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Plutonium processingNew group formed to monitor Savannah River Site, nuclear waste issues in SE U.S.

Published 7 April 2014

Savannah River Site Watch (SRS Watch), a new public-interest watchdog group, was launched last week in what it said was a response to the need for increased monitoring of the nuclear projects carried out by the U.S. Department of Energy (DOE). The group says it has been formed to focus on an array of nuclear projects now underway at Savannah River Site (SRS), the sprawling 310-square mile complex located near Aiken, South Carolina.

Savannah River Site Watch (SRS Watch), a new public-interest watchdog group, was launched last week in what it said was a response to the need for increased monitoring of the nuclear projects carried out by the U.S. Department of Energy (DOE).

The group says it has been formed to focus on an array of nuclear projects now underway at Savannah River Site (SRS), the sprawling 310-square mile complex located near Aiken, South Carolina. SRS Watch says that while actively engaging in the decision-making process and adopting formal positions concerning site activities, it will closely monitor such programs as cleanup of high-level nuclear waste, receipt of nuclear materials from overseas without proper environmental review, operation of the aging H-Canyon reprocessing plant, and what the group describes as the mismanaged plutonium fuel (MOX) program. SRS Watch will also follow congressional deliberations concerning funding of DOE proposals.

SRS Watch says it will keep an eye on other nuclear issues in the region as well, including construction of the new AP1000 reactors in South Carolina (SCE&G’s V.C. Summer site) and Georgia (Southern Company’s Vogtle site), spent fuel storage and reprocessing, small modular reactors, and Nuclear Regulatory Commission activities related to these issues.

“Given the host of environmental problems and proliferation threats associated with the Savannah River Site, we felt it was time to increase public interest monitoring efforts by creating a new oversight organization,” said Frances Close, president of SRS Watch. “We will follow and participate in all decision-making processes related to SRS cleanup programs as well as DOE’s National Nuclear Security Administration’s projects at SRS, including the MOX program. We will advocate for essential cleanup programs and challenge DOE and NNSA on projects that are unnecessary, ill-conceived, and a waste of tax dollars.” The work of SRS Watch will be similar to the work of the Energy Research Foundation, a group which acted as a watchdog over SRS activities for fifteen years.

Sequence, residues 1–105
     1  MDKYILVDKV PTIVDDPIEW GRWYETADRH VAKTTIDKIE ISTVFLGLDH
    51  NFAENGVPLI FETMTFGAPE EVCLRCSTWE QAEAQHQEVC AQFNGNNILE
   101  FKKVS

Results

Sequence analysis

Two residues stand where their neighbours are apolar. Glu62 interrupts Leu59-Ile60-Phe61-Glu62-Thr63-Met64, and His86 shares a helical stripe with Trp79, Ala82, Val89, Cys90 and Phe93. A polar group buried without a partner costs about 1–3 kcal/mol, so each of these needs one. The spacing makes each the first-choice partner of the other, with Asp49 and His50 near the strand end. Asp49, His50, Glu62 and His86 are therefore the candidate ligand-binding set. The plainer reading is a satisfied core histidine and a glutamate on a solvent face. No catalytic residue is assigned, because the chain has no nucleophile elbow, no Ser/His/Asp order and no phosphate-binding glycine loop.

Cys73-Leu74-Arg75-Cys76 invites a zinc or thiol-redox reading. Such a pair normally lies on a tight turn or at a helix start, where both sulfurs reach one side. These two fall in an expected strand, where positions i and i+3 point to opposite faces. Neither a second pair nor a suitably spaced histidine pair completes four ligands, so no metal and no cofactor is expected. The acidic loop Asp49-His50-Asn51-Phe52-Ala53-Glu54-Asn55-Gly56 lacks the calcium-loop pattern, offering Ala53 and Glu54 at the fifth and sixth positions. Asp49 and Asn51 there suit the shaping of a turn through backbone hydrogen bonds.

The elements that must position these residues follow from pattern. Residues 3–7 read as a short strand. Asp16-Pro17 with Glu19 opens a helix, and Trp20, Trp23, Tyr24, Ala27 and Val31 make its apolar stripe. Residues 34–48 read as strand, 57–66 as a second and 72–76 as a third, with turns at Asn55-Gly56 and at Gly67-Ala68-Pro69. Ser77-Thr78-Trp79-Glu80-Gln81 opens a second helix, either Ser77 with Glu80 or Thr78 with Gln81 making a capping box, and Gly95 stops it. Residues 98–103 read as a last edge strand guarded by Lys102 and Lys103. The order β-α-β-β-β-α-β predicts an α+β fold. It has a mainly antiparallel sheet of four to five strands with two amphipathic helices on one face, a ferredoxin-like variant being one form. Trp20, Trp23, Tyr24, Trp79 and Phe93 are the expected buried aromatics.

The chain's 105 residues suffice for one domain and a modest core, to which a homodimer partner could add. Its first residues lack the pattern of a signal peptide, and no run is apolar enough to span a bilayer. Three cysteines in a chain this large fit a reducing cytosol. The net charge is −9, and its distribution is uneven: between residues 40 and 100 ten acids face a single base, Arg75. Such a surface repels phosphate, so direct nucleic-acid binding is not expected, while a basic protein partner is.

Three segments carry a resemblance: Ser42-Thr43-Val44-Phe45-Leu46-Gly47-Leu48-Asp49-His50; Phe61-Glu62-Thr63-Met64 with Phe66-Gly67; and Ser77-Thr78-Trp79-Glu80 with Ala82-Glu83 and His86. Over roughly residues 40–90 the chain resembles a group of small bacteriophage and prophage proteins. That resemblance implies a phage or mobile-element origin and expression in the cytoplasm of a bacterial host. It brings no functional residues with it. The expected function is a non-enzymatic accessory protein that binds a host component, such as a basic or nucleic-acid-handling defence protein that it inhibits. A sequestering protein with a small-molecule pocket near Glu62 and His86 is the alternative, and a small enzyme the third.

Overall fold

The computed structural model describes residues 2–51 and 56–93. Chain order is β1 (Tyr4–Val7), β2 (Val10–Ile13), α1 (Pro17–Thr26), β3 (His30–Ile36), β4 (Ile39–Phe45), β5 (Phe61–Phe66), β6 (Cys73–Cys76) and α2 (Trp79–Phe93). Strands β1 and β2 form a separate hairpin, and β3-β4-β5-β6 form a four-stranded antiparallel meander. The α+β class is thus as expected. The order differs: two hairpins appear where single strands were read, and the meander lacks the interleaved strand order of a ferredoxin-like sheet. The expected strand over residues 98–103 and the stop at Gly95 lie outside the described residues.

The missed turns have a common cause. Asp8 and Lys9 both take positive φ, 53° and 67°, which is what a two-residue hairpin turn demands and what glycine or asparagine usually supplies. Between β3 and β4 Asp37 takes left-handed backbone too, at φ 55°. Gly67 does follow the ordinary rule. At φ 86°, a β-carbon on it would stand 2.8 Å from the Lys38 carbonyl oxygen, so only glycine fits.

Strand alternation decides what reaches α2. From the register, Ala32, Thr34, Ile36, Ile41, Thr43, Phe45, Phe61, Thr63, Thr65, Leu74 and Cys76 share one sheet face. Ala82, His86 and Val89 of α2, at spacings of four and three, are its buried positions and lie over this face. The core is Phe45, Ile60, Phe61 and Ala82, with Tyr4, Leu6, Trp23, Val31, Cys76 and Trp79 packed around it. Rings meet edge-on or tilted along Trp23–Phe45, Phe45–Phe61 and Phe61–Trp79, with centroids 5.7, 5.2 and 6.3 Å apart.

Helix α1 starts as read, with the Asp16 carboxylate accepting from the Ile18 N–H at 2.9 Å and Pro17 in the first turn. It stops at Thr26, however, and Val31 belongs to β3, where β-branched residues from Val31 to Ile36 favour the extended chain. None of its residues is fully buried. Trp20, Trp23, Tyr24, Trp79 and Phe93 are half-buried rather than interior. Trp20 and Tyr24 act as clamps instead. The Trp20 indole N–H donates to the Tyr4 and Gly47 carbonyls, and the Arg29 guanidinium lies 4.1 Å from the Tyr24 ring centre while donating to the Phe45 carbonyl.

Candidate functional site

SRS Watch has been incorporated in South Carolina and is a project of Fairewinds Energy Education, a non-profit organization working to further public understanding of nuclear power and related safety issues.

As part of the announcement of SRS Watch, the group’s Web site went public last week. The Web site will feature blogs on SRS and other nuclear issues, hard-to-find documents, photos of nuclear activities, and new releases on current issues. Audio and video of DOE and Nuclear Regulatory Commission meetings, and other events of interest, will be posted in the future.

SRS Watch noted it will collaborate with the Alliance for Nuclear Accountability

In order to magnify the work on DOE, NNSA, and SRS issues, SRS Watch said it will seek formal association with the Alliance for Nuclear Accountability, a network of more than thirty local, regional, and national groups representing the concerns of communities in neighboring U.S. nuclear weapons complex facilities and radioactive waste dumps.